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BREAKING: Greencastle, Burtonport and Rathmullan to become 'designated ports'

'Move allows fishers in small vessels to continue their livelihoods in a safe manner'

Charlie McConalogue Dail

BREAKING: Greencastle and Rathmullen to become 'designated ports'

The Minister for the Agriculture, Food and the Marine Charlie McConalogue has announced that Greencastle, Burtonport, Rathmullen, Ros a Mhíl (Galway) and Howth will become "designated ports" for Northern Ireland-registered fishing vessels.

The designation will come into effect on February 1, 2021 and will apply to vessels under 15 metres, landing non-quota species.

The fishermen seeking to land at the designated ports, which previously included Killybegs (Donegal) and Castletownbere (Cork), will have to give notice. They will also only be allowed to land between 2.00pm and 8.00pm on any given day. They will, however, be able to land at any time, under force majeure, should any emergency arise.

Speaking to Donegal Live, Eddie Kelly who manages the Malin Head Fisherman's Co-op and had previously voiced fears about the safety of Inishowen fishermen being left with no option but to steam to Killybegs, said: "The new designations, particularly of Greencastle Harbour, is light at the end of the tunnel, in the short term. However, there is a bigger picture out there as well. 

"It is not ideal but, in the short term, it means the Northern Ireland-registered vessels can stay in business and they can come into a safe harbour. Also, if they have a breakdown, they can enter port, under force majeure, outside the 2.00pm to 8.00pm hours.

"As far as Greencastle Harbour is concerned, it is perfect because it means, that boats over 15 metres will not be able to land into Greencastle and use Ireland as a stepping-stone for entry to the EU. That will keep the big fishermen happy, as it keeps the big mussel dredgers out. The new designations also keep the inshore fishermen happy," said Mr Kelly.

Minister McConalogue said: "I have decided to  designate five additional Irish ports for UK-registered Northern Ireland vessel landings for both Illegal, Unreported and Unregulated (IUU) and North East Atlantic Fisheries Commission (NEAFC) purposes. The five new ports designated are Ros a Mhíl, Howth, Greencastle, Rathmullen and Burtonport and join Killybegs and Castletownbere which continue to be designated for landings from vessels of any third country origin.

"I am working to make sure the necessary notifications and requirements are in place to have these ports operational from Monday, 1 February 2021. Under the new designations Ros a Mhíl and Howth will be able to accommodate landings of demersal fish from vessels under 24 metres and will operate Monday to Friday from 10am to 10pm.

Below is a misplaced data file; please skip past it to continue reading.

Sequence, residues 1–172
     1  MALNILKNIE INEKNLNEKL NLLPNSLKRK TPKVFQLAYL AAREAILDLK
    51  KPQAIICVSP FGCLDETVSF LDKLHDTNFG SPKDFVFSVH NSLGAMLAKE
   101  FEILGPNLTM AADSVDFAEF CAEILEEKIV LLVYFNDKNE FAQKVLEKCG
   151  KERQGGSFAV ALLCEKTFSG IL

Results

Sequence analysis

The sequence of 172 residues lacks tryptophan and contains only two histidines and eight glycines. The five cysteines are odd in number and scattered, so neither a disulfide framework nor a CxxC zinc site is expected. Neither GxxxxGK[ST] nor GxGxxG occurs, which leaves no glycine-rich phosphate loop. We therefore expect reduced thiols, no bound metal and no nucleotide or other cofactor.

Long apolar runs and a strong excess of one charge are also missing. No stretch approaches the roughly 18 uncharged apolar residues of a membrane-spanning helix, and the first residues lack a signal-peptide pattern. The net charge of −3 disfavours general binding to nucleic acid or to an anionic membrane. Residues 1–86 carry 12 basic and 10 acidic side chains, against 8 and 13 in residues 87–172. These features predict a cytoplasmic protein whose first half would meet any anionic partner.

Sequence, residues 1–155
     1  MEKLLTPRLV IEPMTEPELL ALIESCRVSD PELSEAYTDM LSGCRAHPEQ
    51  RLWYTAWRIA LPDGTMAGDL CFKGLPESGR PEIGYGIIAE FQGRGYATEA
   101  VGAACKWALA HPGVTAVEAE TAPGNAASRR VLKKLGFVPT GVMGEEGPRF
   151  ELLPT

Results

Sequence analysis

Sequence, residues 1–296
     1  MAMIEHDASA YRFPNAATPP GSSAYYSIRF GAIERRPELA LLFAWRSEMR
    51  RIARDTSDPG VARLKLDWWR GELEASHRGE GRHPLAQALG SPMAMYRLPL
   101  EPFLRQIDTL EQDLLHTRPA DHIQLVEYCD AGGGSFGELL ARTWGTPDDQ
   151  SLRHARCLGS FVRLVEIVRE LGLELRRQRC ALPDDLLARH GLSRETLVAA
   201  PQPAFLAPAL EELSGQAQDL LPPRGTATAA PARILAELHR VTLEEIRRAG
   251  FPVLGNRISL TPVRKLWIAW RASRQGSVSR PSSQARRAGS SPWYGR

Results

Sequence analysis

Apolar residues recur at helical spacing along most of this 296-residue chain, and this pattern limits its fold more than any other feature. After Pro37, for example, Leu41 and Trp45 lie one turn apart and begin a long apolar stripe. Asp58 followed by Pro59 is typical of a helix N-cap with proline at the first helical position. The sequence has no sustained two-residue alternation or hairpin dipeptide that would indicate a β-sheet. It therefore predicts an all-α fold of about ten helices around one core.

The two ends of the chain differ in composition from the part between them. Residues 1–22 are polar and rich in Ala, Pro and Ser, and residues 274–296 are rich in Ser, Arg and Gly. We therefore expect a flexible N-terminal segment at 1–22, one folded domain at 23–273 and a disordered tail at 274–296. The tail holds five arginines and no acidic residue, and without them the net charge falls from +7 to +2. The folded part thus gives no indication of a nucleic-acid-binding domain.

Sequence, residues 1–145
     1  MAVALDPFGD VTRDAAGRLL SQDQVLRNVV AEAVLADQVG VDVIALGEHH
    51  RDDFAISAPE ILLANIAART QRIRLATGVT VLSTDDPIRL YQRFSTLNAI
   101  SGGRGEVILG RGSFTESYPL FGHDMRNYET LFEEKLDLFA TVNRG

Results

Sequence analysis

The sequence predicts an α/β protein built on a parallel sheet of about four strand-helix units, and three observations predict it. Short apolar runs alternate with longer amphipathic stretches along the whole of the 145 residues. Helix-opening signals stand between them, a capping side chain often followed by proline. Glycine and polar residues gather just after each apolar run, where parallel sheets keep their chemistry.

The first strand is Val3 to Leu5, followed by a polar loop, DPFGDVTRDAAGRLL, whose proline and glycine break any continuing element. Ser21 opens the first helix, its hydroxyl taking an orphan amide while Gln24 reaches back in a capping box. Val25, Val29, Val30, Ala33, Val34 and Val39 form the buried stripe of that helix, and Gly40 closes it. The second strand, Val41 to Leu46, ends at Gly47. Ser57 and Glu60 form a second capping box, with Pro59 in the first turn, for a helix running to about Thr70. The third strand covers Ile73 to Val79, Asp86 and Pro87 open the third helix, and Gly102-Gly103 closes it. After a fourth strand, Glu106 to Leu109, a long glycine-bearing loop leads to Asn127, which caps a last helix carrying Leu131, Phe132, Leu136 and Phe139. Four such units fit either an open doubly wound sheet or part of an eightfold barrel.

"Greencastle, Rathmullen and Burtonport will be designated for non-quota species landings from vessels under 18 metres and will operate from 2pm to 8pm from Monday to Friday.  

"From January 1, 2021, the United Kingdom is a third country and subject to IUU legislation and North East Atlantic Fisheries Commission NEAFC requirements. This means that any UK, including Northern Ireland, registered vessels must comply with third country landing requirements when landing in the EU, including Irish ports and is a direct result of Brexit and included in the Protocol on Ireland / Northern Ireland. Up until a conclusion of an agreement on the future relationship between the UK and the EU on Christmas Eve, it remained unclear whether Northern Ireland vessels that had access to Irish waters would continue to do so," said Minister McConalogue.

Minister McConalogue added that this was an important decision which would allow fishers in small vessels to continue their livelihoods in a safe manner”.

He said: “Following Brexit, it is important now more than ever, to support our fishers and fishing communities and to do all we can do help them continue their livelihoods”.

"Any UK Northern Ireland registered boats landing into any of the seven Irish ports will have to comply with additional documentary and procedural requirements than before Brexit.   Designation of ports is within the State’s authority, but all requirements and protocols are subject to EU and international law and must be strictly adhered to to gain entry to ports.

"I thank the Sea Fisheries Protection Agency (SFPA) for its work to putting in place the arrangements necessary to provide for these additional port designations and I am glad that the outcome will mean that many of those fishers who were unable to operate following the outcome of Brexit will have now have the capacity to access a number of extra ports," concluded Minister McConalogue.


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